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ORIGINAL ARTICLE
Year : 2015  |  Volume : 58  |  Issue : 3  |  Page : 323-327

Molecular characterization and clinical significance of New Delhi metallo-beta-lactamases-1 producing Escherichia coli recovered from a South Indian tertiary care hospital


1 Department of Microbiology, Moti Lal Nehru Medical College, Allahabad, Uttar Pradesh, India
2 Department of Medicine, Kasturba Medical College, Manipal University, Mangalore, Karnataka, India
3 Department of Microbiology, Kasturba Medical College, Manipal University, Mangalore, Karnataka, India

Correspondence Address:
Dr. Arindam Ckakraborty
Department of Microbiology, Moti Lal Nehru Medical College, Allahabad, Uttar Pradesh
India
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Source of Support: API Karnataka, India, Conflict of Interest: None


DOI: 10.4103/0377-4929.162864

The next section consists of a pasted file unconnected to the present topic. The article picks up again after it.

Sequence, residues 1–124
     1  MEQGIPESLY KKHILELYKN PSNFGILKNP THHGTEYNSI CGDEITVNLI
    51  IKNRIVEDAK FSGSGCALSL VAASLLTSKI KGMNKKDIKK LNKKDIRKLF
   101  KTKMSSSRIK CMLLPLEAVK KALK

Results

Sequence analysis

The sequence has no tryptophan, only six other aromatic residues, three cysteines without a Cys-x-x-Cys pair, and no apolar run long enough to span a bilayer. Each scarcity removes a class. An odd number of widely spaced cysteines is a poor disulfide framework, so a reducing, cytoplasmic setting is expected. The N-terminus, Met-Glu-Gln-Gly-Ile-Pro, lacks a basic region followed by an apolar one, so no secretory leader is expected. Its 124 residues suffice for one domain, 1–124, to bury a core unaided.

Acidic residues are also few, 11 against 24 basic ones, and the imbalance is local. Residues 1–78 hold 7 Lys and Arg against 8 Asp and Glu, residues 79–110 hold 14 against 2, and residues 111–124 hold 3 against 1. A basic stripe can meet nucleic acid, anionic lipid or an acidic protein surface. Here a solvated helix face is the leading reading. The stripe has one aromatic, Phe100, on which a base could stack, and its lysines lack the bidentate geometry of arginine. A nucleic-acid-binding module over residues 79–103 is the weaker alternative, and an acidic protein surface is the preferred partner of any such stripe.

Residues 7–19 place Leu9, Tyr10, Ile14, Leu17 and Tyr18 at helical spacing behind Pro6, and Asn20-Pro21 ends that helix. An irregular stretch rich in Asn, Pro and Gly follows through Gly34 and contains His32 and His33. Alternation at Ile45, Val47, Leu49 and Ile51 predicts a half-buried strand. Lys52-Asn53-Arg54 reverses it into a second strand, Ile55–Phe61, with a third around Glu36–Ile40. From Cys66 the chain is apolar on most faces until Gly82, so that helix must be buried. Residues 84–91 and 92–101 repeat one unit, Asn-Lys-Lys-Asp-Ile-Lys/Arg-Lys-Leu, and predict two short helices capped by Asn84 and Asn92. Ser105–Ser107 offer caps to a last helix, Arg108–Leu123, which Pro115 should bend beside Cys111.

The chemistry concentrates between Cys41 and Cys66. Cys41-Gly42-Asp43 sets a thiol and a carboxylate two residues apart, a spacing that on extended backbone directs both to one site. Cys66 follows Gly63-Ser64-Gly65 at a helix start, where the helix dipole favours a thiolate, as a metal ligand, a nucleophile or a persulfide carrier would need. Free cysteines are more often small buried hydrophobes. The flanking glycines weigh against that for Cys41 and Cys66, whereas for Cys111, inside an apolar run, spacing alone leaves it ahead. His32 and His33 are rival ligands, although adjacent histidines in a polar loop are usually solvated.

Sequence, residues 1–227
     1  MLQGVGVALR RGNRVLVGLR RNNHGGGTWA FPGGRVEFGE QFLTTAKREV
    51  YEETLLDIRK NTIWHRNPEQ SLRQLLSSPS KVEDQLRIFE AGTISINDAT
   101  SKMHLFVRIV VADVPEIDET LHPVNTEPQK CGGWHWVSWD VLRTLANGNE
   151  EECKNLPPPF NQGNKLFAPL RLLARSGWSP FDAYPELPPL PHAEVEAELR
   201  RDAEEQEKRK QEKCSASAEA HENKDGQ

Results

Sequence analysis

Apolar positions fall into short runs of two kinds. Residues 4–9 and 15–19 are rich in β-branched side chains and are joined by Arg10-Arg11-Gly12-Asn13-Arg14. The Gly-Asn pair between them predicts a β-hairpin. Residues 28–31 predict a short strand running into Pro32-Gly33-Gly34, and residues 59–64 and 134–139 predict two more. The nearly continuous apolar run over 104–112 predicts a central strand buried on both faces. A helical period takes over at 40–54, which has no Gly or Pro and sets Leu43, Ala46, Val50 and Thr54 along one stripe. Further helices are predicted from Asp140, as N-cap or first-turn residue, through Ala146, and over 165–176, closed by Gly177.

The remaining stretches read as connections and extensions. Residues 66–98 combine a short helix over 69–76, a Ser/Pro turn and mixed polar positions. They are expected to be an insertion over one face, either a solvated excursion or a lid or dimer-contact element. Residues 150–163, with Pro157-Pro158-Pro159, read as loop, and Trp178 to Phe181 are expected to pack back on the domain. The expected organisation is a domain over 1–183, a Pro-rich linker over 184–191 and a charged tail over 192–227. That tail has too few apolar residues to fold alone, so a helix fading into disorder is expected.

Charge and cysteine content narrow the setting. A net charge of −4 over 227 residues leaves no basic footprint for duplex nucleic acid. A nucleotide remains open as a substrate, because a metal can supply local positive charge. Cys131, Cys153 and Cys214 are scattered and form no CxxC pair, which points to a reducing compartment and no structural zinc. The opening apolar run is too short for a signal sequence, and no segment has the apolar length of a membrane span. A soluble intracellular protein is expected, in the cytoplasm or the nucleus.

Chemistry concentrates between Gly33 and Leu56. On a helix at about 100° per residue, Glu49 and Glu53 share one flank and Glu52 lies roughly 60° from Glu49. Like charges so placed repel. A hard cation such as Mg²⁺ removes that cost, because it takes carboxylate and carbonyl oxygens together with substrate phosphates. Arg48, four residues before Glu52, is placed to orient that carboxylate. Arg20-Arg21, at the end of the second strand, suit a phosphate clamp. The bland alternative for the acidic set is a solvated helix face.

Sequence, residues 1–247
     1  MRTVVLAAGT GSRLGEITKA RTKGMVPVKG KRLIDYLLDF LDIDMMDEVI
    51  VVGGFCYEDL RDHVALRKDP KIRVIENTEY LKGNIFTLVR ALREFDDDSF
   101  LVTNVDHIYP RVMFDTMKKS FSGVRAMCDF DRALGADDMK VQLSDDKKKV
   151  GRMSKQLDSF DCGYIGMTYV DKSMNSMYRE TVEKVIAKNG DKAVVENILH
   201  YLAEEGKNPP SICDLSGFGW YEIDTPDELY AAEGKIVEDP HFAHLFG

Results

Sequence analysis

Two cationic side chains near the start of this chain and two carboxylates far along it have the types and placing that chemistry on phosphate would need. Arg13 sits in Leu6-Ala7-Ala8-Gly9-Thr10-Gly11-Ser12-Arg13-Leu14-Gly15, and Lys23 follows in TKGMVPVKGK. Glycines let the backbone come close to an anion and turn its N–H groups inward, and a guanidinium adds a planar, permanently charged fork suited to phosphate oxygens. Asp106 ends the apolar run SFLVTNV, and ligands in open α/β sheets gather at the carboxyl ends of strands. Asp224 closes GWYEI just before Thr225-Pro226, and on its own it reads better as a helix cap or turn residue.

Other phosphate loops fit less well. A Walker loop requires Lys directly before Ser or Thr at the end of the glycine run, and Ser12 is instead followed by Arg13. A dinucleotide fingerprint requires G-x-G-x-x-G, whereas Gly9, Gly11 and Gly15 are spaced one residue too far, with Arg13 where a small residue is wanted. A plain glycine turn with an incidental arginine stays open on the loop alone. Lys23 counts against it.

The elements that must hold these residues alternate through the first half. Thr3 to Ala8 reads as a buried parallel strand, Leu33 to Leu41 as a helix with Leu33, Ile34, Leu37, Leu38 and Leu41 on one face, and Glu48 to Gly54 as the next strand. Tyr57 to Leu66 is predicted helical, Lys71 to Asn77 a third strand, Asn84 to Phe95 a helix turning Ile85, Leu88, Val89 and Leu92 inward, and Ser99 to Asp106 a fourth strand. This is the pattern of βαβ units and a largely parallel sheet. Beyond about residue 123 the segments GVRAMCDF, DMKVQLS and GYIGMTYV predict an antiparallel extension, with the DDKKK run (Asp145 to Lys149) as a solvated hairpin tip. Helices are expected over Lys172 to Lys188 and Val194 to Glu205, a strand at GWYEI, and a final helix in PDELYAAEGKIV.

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Context: The increased rate of infection by New Delhi metallo-beta-lactamases-1 (NDM1) producing Escherichia coli is a major concern since they show a high rate of drug resistance and are responsible for mortality and morbidity. Aims: To characterize the NDM1 producing E. coli isolates and their impact on patients' clinical outcome. Settings and Design: This descriptive study was carried out in a multi-specialty tertiary care hospital. Materials and Methods: Three hundred nonrepeat strains of E. coli from inpatients were included in the study. Modified Hodge test and metallo-beta-lactamases (MBL) e-test were performed to detect carbapenemase and MBL activity. Polymerase chain reaction (PCR) technique was performed to detect NDM1. NDM1 positive isolates were further tested for plasmid mediated AmpC, blaCTX , blaSHV , blaTEM genes and also for phylogrouping by PCR methods. Treatment and patients' clinical outcome were also analyzed. Results: Out of 300 isolates, 21 (7%) were MBL producers by phenotypic methods. Of this, 17 (81%) were NDM1 positives, among the NDM1 producers 6 (35%) isolates were belongs to phylogroups D followed by A 5 (29%), B1 4 (24%) and B2 2 (12%), 15 (88%) isolates were blaCTX-M positive suggestive of extended-spectrum beta lactamase producing strain and 7 (47%) were positive with CIT type of AmpC. With the follow-up of the patients, it was found that 12 (71%) recovered and 3 (18%) developed relapses, and mortality was seen in 2 (12%) patients. Conclusions: NDM1 producing isolates showed a high degree of drug resistance but can be treated with suitable antimicrobials, in the majority. Early detection and choice of appropriate antibiotics may help in reducing mortality and morbidity.


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